VA Agent Orange Claim Submission
VA Rating Specialist Tells All
If you served in Vietnam between 1962 and 1971, as I did, there is a pretty good chance that you were
exposed to Agent Orange. The VA acknowledges that some 20 million gallons of herbicides were sprayed
across South Vietnam in an attempt to destroy foliage used to conceal enemy forces and supply lines.
Spraying was also intended to deny access to agricultural crops used by the enemy. Recently, I tried to
determine exactly where all this spraying occurred. I had always thought it was in the north along the DMZ
or along the Laos-Cambodian borders. I was wrong. Dead wrong. The chart I found looked like one of those
modern artworks where the painter takes his bucket and throws it at the canvas. It was a map of Vietnam
with long streaks covering the entire country from top to bottom.
Agent Orange related conditions.
The VA has determined that a positive association exists between exposure to herbicides and the subsequent
development of 11 conditions.
Soft tissue sarcoma (other than osteosarcoma, chondrosarcoma, Kaposi’s sarcoma, or
Porphyria cutanea tarda (PCT)
Acute and subacute peripheral neuropathy
Respiratory cancers (cancers of the lung, bronchus, larynx and trachea)
Type 2 diabetes (also known as Type II diabetes mellitus or adult-onset diabetes)
Chronic lymphocytic leukemia (CLL)
Of note, there are numerous conditions that are not associated with Agent Orange. Service connection for
them must, by law, be denied.
Nasal and nasopharyngeal cancer
Cancers of the female reproductive system
Urinary bladder cancer
Leukemia (other than chronic lymphocytic leukemia)
Reproductive effects (abnormal sperm parameters and infertility)
Chronic persistent peripheral neuropathy
Lipid and lipoprotein disorders
Gastrointestinal and digestive disease
(other than diabetes mellitus)
Respiratory disorders (other than certain respiratory cancers)
Cognitive and neuropsychiatric effects
Gastrointestinal tract tumors
What to do if your condition is listed as not Agent Orange related.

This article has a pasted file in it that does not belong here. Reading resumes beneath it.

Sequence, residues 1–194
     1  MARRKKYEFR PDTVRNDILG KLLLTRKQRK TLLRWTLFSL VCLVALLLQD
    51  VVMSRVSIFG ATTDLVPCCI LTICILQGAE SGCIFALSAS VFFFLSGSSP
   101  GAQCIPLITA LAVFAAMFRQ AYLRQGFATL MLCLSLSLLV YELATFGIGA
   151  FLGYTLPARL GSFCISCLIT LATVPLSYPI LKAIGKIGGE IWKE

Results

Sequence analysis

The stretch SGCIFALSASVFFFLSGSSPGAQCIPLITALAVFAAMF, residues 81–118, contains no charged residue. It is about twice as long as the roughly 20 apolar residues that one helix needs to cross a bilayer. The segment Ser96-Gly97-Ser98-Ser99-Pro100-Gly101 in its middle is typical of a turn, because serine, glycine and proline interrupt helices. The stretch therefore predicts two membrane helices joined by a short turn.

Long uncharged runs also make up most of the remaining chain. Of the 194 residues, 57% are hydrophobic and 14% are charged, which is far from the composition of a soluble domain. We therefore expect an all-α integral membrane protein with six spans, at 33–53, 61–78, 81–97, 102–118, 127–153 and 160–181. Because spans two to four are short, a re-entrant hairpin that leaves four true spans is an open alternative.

If you have one of these orphaned conditions you can apply for service connection secondary to Agent
Orange exposure; however, your claim will be denied. What should you do?
My advice would be to apply any way, and let the VA deny the claim. Then appeal the decision. A timely
appeal keeps your claim in the mill. Also, keep in mind that somewhere down the road some or all of these
conditions might be approved. By having a denial on record, you stand a chance of having it approved
retroactively. Additionally, the medical evidence you submitted will always be in your VA claims file.
However, if you wait several years to file a claim, you should keep in mind that physicians don’t keep their
records forever. So get your claim submitted before your records wind up in the trash bin or shredder.
One additional cautionary word: exposure to Agent Orange, in and of itself, is not a disability. That is, you
can receive service connection only for the 11 disabilities listed here.
Getting started with your claim.
So, what do you need to get your Agent Orange claim approved by the VA? There are three basic
requirements and all of them must be met:
A medical diagnosis of a disease with the VA recognizes as being associated with Agent Orange.
Evidence of service in Vietnam.
Medical evidence that the disease began within the deadline (if any).
Proving you actually served in Vietnam
To determine if you had service in Vietnam, the rating specialist looks at your DD Form 214 to see if there
is a statement showing dates of in-country service. If nothing is found on your DD Form 214, the next
source will be your military 201 Claims File which shows records of duty assignments, etc. A further resort
will be your service medical records (SMR’s). Sick-call entries or hospital reports often list the name of a
dispensary or hospital and, sometimes, its location in Vietnam. Unfortunately, many such entries list the
facility, but not its location. If such a record is found indicating the facility was in Vietnam, however, proof
of service in RVN is conceded. The main point is that you must have had your feet on the ground in Vietnam
(fly-overs don’t count). However, a recent court decision has opened the way to those vets who served off
the coast of Vietnam.
You will note that the Vietnam Service Medal is not among those decorations considered conclusive proof
of service in RVN. This is because the medal was awarded to anyone who served in Vietnam, the waters
offshore, or the airspace above. It was also awarded for service in Thailand, Laos, or Cambodia.
Very few claims are granted based on direct exposure to Agent Orange. On the contrary, the majority of